Optionally, the support arm 100 includes an additional pulley 312 coupled between the biasing device 306 and the flexible element 314. The additional pulley 312 is moveably coupled to the flexible element 314 so the pulley 312 is in rolling communication with the flexible element 314.

CONCLUSION

Using embodiments described above, a number of advantages are realized. One advantage includes a support arm that provides a moment that closely counterbalances the moment of the support arm and/or a display screen throughout the range of motion of the support arm. Because the support arm closely counterbalances the moment of the arm and/or the display screen, the arm remains in a desired orientation anywhere along the range of motion of the arm. Additionally, because the angle Φ decreases at a higher rate after at least passing the point of maximum moment of the support arm and/or the display screen (e.g., 0 degrees) the support arm attenuates the increased restoring force of the biasing device and closely matches the decreased moment of the support arm and display screen. Moreover, because the biasing device and the linkage (e.g., the flexible element) extend along the support arm members the support arm provides a narrow profile that takes up less space while retaining the support arm and/or the display screen in a desired orientation.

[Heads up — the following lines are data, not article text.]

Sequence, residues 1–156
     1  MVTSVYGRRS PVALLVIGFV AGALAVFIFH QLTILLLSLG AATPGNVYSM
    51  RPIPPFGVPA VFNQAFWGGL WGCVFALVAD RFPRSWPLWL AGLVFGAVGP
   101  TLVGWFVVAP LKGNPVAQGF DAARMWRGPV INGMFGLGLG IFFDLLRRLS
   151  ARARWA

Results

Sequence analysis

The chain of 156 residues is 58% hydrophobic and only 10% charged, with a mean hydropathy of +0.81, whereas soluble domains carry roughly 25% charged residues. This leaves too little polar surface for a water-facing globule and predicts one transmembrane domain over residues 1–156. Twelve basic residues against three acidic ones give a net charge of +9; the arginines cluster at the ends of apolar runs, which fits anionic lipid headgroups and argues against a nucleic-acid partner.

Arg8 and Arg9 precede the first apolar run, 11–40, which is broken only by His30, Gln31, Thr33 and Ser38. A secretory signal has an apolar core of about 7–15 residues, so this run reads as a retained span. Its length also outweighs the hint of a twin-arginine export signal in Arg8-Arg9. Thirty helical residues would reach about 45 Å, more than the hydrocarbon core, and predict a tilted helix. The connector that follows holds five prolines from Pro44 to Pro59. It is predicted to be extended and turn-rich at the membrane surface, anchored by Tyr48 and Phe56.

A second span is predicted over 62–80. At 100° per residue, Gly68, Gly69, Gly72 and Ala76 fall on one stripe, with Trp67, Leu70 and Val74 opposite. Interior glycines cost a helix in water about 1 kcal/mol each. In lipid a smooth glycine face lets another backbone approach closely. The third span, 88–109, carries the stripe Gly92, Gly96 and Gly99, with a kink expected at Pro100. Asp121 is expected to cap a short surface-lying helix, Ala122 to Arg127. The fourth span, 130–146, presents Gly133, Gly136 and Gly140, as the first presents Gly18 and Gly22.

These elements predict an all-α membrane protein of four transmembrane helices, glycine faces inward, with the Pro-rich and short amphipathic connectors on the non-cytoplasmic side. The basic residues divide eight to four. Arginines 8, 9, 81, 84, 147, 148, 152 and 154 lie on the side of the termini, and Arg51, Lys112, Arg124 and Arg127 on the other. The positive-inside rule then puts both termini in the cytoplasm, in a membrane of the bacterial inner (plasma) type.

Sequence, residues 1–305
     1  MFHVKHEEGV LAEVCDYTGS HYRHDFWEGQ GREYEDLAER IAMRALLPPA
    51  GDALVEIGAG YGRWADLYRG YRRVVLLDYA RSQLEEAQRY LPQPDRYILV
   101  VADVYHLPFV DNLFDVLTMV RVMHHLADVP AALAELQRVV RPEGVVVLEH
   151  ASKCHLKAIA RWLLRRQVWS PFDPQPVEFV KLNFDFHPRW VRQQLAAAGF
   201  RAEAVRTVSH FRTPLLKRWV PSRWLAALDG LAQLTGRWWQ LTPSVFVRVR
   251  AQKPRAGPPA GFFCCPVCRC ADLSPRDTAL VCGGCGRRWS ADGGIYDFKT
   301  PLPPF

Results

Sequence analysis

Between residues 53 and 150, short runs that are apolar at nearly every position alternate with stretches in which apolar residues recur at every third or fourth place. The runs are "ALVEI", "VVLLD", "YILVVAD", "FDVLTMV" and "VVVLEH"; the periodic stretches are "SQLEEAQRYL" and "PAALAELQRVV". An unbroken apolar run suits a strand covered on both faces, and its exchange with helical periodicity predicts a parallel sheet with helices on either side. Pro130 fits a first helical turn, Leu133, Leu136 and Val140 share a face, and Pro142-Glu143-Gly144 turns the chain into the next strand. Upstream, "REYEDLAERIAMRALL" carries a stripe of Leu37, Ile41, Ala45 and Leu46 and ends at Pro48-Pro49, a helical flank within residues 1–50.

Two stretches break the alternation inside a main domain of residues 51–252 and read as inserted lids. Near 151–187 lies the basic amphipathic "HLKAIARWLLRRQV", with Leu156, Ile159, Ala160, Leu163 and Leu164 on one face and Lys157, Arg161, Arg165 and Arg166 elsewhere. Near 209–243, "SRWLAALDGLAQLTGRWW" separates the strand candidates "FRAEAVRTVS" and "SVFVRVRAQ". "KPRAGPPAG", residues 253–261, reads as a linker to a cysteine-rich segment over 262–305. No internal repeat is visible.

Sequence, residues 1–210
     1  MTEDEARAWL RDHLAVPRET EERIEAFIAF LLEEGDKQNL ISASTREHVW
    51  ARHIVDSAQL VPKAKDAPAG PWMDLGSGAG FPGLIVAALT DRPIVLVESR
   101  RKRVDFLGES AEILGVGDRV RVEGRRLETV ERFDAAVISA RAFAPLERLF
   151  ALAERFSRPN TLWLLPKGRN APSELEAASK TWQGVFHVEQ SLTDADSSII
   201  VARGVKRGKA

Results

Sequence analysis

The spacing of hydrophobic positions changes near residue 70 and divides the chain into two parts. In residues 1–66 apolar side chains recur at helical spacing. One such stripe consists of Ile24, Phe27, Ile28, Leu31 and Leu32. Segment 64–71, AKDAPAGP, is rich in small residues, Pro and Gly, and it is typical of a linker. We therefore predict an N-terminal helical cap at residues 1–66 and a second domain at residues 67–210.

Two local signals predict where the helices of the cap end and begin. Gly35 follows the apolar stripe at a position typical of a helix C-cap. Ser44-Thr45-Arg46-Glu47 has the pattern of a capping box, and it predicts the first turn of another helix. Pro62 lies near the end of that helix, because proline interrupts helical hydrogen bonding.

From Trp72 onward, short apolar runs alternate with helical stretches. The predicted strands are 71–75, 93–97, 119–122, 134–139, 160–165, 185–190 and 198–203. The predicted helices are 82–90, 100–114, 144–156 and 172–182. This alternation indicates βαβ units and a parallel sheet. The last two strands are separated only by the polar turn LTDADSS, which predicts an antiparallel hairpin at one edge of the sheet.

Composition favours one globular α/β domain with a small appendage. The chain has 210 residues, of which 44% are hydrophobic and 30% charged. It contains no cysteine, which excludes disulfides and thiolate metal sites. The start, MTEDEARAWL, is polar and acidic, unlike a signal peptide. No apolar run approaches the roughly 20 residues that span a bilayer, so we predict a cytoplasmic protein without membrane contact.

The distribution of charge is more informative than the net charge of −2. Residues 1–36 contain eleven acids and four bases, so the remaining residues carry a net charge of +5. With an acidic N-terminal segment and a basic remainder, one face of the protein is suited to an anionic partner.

Although selected advantages are detailed above, the list is not intended to be exhaustive. Although specific embodiments have been illustrated and described herein, it will be appreciated by those of ordinary skill in the art that any arrangement which is calculated to achieve the same purpose may be substituted for the specific embodiment shown. This application is intended to cover any adaptations or variations of the present invention. It is to be understood that the above description is intended to be illustrative, and not restrictive. Combinations of the above embodiments, and other embodiments will be apparent to those of skill in the art upon reviewing the above description. The scope of the invention includes any other applications in which the above structures and fabrication methods are used.